It has been two years since the federal “Farm Bill” removed hemp from the definition of marijuana, rendering cannabis plants and derivatives (such as CBD derived from hemp) that contain no more than 0.3% of THC on a dry-weight basis lawful as outside of the Controlled Substances Act (CSA).
Despite the country’s growing acceptance of some form of cannabis legalization, securing federal protection for cannabis company trademarks continues to elude cannabis producers. While the U.S. Patent and Trademark Office (USPTO) opened the door for a narrow category of marks and products, based on a technical definition that comports with the Farm Bill, meaningful protection for cannabis trademarks requires a long-term filing strategy designed to “thread the needle” of available protection.
Technically, federal registration has always been available for trademarks used with cannabis-related goods and services (e.g., smoker’s articles, educational materials, promotional clothing, home growing kits, and informational web sites and publications). The lynchpin of trademark rights is use in commerce, but the USPTO maintains a dual use and registration system. Therefore, owners must use both the “front door” (USPTO registration for secondary, but related products) and the “back door” (acquired distinctiveness through use of a mark in connection with primary products) to carve out territory for their cannabis brands as the legal framework continues to unfold.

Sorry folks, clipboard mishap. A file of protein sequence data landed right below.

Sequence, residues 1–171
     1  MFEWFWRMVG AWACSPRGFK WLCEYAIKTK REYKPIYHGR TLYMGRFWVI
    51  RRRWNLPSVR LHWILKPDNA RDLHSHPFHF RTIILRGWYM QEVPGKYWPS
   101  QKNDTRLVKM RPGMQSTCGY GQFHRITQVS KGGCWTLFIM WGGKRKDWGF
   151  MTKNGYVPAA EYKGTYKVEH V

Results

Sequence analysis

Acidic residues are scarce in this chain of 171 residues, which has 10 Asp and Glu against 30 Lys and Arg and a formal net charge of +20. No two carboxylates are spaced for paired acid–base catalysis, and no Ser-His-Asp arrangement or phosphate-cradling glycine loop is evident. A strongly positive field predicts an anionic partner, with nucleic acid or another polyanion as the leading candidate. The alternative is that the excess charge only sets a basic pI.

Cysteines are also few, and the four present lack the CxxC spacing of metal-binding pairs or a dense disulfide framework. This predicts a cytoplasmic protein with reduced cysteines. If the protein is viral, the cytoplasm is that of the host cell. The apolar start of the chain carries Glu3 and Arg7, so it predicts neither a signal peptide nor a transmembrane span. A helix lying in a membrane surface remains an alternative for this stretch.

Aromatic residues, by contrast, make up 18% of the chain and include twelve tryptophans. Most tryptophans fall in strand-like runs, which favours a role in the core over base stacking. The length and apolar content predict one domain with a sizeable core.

If seeking to register a brand that may be in use or intended for use with cannabis but is also in use or intended for use in connection with non-cannabis products or services that may be complimentary to cannabis sale or use, keep in mind the following recommendations:
- Do not include the word CANNABIS or other wording (CANNA, CBD, WEED) or imagery (plants) that suggest that the applied for mark is not in lawful use in commerce. Should an application include any indication that the purpose of the goods or services is or may be to engage in consumption or sale of cannabis it will result in a refusal to register.
- Even when a mark will be used in connection with the word CANNABIS or similar term as a descriptive or generic term on goods, an applicant chooses the mark it will register, and it should not include wording or images in its application drawing that will result in refusal.
- Select a specimen that provides evidence of lawful use of the mark in commerce.
- Craft the identification of goods (or services) narrowly to avoid a refusal on grounds that the goods or services are broad enough to be prohibited by the CSA.
- Do not include ingestible products that may run afoul of the Federal Food, Drug, and Cosmetic Act, raising separate substantive grounds for refusal.